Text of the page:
The right lenses: By Capt. Tim Egenrieder - Originally published July 2013, Coastal Angler of Boston
I have several friends that have $100,000+ boats, several
$1000 reels and titanium pliers in a custom leather holster - that wear $15
sunglasses. I don’t know about
you, but my eyes are far more important to me than a glorified hook
Whether you are looking to sight-cast to trout in a small
stream, stripers on the flats or trying to find a school of pogies in the
harbor - The right polarized sunglasses will make the difference between a
great day and tired eyes with a lot less fish.
What is Polarization?:
Sunlight is both refracted and reflected (polarized) when it
hits water. Refraction is the
bending of light into water. This
is why fish both appear smaller and higher in the water column than they actually
are. Reflection of light (glare)
is the mirror like effect that makes seeing into water difficult. Polarized lenses block this reflected
light with a special polymer film that has crystals electrically or
magnetically aligned to block light waves traveling parallel to the viewed
surface. This is why two polarized
lenses rotated perpendicular to each other will block all light.
Polarized sunglasses are an absolute must have tool in any
fishing situation. There are many
considerations for choosing the perfect pair for your intended use.
Sunglass frames should fit snugly on your nose and ears
without pinching or rubbing. Make sure that there is rubber on the nose and
ears to prevent sliding from sweat.
To prevent light from hitting your eyes from overhead, choose a pair
that fits close to your face around the brow area without making contact with
Gray: Great for
bright sun in offshore, clear water situations.
Brown/Copper: My preferred inshore lens color. They work equally well in clear and
stained water. Great for sight
fishing in most light conditions.
Rose: Great for
trout streams, driving, and low light inshore days
for target separation. Perfect for
shooting sports, terrible for your eyes while in bright sun and fishing
Mirrored lenses have a highly reflective coating on the
front, also known as flash coating. These reflective surfaces reduce the amount
of light that comes through the lens. Mirrored lenses help reduce eye fatigue
on a bright day on the water. These lenses are available in several different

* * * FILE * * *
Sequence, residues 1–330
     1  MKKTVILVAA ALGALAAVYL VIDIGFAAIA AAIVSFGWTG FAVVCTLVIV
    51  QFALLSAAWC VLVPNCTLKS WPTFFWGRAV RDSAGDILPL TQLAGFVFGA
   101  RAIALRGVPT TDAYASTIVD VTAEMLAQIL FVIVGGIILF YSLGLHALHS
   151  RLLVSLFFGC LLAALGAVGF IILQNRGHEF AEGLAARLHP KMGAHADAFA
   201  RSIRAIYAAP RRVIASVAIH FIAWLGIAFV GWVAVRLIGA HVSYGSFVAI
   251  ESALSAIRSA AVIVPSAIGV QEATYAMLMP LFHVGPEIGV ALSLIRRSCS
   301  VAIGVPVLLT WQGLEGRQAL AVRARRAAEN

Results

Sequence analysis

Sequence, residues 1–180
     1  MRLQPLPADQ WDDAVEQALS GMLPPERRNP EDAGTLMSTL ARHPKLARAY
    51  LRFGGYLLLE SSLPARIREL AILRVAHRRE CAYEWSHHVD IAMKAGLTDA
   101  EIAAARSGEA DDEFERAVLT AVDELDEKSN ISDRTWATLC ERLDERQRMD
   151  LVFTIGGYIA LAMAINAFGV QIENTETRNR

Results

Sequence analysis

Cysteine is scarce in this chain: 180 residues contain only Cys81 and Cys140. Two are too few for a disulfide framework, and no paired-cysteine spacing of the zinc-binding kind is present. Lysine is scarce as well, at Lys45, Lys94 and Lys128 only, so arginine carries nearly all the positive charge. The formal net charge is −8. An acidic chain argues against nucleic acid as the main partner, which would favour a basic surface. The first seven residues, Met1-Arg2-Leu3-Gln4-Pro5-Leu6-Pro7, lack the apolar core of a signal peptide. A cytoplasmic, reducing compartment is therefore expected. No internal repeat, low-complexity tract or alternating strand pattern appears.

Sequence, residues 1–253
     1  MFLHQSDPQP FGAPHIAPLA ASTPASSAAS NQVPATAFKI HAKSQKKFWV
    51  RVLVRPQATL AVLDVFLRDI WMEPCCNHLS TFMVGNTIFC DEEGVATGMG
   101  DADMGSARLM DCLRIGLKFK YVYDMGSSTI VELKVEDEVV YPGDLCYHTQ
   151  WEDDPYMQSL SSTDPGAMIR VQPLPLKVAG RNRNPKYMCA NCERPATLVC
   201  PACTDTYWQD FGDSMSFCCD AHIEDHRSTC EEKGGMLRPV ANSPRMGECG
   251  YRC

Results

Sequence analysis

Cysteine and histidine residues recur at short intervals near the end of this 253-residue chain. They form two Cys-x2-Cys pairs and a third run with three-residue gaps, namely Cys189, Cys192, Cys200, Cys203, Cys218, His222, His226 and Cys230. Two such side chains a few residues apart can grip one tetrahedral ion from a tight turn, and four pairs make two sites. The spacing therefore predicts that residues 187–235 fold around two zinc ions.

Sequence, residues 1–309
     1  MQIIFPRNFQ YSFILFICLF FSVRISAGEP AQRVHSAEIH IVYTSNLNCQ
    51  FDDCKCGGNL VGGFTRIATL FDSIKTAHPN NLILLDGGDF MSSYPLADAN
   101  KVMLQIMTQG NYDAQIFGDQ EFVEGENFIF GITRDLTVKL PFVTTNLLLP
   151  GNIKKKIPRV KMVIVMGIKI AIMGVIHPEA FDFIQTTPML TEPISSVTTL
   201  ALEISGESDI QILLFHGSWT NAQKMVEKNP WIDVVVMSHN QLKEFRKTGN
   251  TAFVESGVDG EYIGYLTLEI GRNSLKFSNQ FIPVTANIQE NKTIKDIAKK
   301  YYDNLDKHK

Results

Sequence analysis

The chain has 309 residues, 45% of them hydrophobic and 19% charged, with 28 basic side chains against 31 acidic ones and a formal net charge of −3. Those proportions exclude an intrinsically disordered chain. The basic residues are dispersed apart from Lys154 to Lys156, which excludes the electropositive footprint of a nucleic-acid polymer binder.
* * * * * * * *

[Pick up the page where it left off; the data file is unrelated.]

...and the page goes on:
colors. I prefer blue-mirrored
lenses offshore and on very bright days.
I wear green-mirrored lenses on 90% of all my fishing trips in Boston
Just as the sun’s ultraviolet (UV) rays can damage skin,
they can also harm the lens and cornea of the eyes. Ultraviolet radiation is composed of three classes:
Ultraviolet A (UVA) 400 – 315 nm, Ultraviolet B (UVB) 315 – 280 nm, Ultraviolet
C (UVC) 280 – 100 nm. You should
look for lenses that are UV400 (to 400nm) certified. These lenses will block the vast majority of all harmful UV
radiation. Eye fatigue is best
prevented with lenses that block yellow light in the 580 nm wavelength. This is the wavelength of light that
makes you squint and generally hurts your eyes.
The only thing worse than paying $200 for sunglasses is
having to do it again from lack of care.
I keep mine in a rigid case with padding inside when they’re not being
worn. I also wear a lanyard around
my neck that attaches to the temple pieces. This is far from a fashion statement, but I have never
damaged sunglasses in any way by having them dangling from my neck. Always start with clean fresh water and
a microfiber cloth for cleaning.
If necessary, use a small amount of mild detergent soap (as always, Dawn
works great). Do not use windex or
ammonia (high ph) based cleaners
And of course cost:
Sunglasses are a lot like rods and reels. There are cheap versions that work fine
and often better than mid priced models.
The best in consistent clarity, preventing eye fatigue and blocking UV
light are also the most expensive and around $200.
I am now on my 4 year of wearing Costa Del Mar
Fathom 580’s daily. I have never
felt eye fatigue in over 500 days on the water with them. They are the best lenses that I have
ever worn and worth every penny.
See you out there…